Blue poles infinitely winding, as I write, as I write.
Forty-five years ago, the National Gallery of Australia was still a gleam in the eye of Prime Minister Gough Whitlam and the yet-to-be-built gallery’s acting director, James Mollison. But in 1973 Mollison’s former boss, Australian art dealer Max Hutchinson, wrote to him from New York, telling him Jackson Pollock’s Blue poles was for sale. New York property mogul Ben Heller ultimately sold the painting to the NGA for US$1.9 million (then A$1.3m). Unusually, the Australian government as buyer paid the dealer’s fee of A$100,000.
This was the highest price paid for an American art work at the time. Owning this abstract expressionist painting, Mollison and his political supporters said, would put Australia on the international art map – and the NGA said it had almost completed its collection of Australian art. You could perhaps see this as the moment Australia transferred its cultural cringe from Britain to the US.
I asked the now 92-year-old Heller recently why he had sold the painting to Australia. “There’s never a simple answer,” he told me. “I was very close to Jackson and out of the blue I got an approach from Max Hutchinson for Blue poles. I was in possession of knowledge where other things might be going, where the major Pollocks were. This was different and would appeal to Jackson [who had died in 1956] because he had his daring side… This place [Australia] was new, different, not likely to have a Pollock.”
Indeed, the purchase, says Heller, was “a mark of Australia joining Western culture”.
An added attraction was that the purchasers were willing to leave the painting on Heller’s apartment wall in New York until the NGA was built (the building was officially opened in October 1982.) This later proved impossible for insurance reasons.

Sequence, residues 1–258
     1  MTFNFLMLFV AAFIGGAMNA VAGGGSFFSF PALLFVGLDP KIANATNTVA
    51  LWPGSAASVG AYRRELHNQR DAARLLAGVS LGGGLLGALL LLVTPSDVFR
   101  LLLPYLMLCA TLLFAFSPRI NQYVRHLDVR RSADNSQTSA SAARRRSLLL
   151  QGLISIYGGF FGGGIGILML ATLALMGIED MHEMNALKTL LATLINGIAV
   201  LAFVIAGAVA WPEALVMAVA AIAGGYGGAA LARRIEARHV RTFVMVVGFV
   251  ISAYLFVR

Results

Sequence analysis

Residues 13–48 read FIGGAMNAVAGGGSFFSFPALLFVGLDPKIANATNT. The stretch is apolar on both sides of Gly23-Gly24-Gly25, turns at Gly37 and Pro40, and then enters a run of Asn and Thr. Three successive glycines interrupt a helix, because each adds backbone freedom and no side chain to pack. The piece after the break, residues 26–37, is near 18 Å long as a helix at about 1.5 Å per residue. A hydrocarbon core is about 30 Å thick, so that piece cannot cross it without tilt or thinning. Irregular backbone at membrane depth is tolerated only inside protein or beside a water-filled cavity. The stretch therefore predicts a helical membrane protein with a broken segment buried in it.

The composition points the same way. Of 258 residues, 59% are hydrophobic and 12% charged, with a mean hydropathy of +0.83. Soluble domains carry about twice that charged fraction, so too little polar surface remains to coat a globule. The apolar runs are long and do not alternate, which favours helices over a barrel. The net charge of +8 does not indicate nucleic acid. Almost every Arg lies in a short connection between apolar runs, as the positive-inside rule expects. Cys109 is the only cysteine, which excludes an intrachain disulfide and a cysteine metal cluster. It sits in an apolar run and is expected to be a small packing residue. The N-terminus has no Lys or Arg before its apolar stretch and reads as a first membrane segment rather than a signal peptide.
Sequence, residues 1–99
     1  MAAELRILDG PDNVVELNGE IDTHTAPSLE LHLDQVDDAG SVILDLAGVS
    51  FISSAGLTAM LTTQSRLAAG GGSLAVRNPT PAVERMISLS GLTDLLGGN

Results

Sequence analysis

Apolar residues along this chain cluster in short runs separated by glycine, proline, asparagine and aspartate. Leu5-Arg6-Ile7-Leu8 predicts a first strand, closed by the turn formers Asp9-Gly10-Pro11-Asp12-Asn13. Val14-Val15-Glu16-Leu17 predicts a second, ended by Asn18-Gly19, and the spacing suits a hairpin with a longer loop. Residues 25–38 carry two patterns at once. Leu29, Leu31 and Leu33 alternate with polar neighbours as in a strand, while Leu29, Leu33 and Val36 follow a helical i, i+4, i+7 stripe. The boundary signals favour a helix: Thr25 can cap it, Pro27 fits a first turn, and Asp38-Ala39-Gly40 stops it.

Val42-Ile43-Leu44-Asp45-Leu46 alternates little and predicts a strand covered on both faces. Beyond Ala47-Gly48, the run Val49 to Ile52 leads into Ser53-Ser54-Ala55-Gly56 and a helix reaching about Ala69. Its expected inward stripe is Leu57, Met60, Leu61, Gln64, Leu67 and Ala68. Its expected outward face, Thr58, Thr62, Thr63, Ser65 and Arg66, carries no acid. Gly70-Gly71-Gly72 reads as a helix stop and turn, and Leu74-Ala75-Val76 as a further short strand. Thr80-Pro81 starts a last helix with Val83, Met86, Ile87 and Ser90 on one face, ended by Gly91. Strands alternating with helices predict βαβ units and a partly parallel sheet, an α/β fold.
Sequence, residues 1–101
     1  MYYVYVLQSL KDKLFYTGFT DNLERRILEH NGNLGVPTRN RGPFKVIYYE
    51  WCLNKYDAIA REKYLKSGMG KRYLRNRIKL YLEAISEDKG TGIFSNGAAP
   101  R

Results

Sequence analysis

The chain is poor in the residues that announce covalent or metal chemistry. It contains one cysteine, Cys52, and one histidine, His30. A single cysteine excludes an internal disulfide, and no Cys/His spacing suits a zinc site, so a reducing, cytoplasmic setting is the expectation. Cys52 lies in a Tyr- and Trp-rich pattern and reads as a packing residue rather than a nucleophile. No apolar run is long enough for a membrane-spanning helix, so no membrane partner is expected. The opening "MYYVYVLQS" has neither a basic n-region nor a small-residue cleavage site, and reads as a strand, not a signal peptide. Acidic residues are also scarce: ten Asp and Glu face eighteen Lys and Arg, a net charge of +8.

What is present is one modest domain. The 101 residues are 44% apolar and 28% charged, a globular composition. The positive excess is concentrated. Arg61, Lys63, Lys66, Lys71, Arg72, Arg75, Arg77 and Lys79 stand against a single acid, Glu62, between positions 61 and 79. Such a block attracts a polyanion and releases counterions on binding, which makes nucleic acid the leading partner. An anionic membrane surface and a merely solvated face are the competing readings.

Another attraction may well have been that Heller’s asking price doubled during negotiations with the Australians.
Be that as it may, Blue poles has progressively increased in reputed monetary value over the past 45 years. It was recently reported to have an insurance value of A$350 million. This figure is often cited to justify the purchase even if the aesthetics offend some and the painting’s provenance has been questioned from the outset.
In 1974, a meeting had been convened at the National Gallery of Art in Washington to explore whether Pollock’s mates Tony Smith and Barnett Newman had helped to squeeze paint onto the canvas that became Blue poles. Present were Pollock’s widow, Lee Krasner, and gallerist Bryan Robertson, who had given both Pollock and Krasner their first major showings in London. As the NGA website carefully puts it: “The examination revealed that any marks made on the canvas” by those other than Pollock “played no part” in the painting that became Blue poles.
In 2016, Victorian Liberal Senator James Paterson suggested that if Blue poles was worth A$350 million it should be sold to reduce the national debt. His idea was quickly quashed by many, including his party’s own Finance Minister Mathias Cormann, who called Blue poles a “national art treasure”.
(Mind you, as one accountant recently pointed out to me, insurance value of a work of art is often different from the price it might reach on the open market. And upping insurance valuations can markedly increase both premiums and security costs.)
Interestingly, as early as 1977 Mollison told Art News: “I’m sick of it [Blue poles]. It’s not the sort of painting I ordinarily respond to on a personal level anyway. That isn’t what a museum director’s job is necessarily about.”
He thought that when the NGA finally opened in 1982, “We’ll play it down. It’s just one painting – a picture made by a very ordinary person about which a lot of people showed interest at the time we bought it.”
Rather than playing down the controversial painting, in 2015 the then director of the NGA, Gerard Vaughan, said Blue poles was one of the greatest ever American abstract expressionist pictures and had proved to be an excellent purchase.
“It’s the best investment this country has made in anything in my view,” he said.
Still, if it wasn’t for the probably inflated price Australia paid for one of scores of Jackson Pollock’s drip paintings, it might never have become the crowd-drawer it is.
When I asked Heller what he thought of the sums now being talked about in relation to the painting he sold for US$1.9 million 45 years ago, he roared with laughter. “It’s so expensive I don’t want to discuss it!”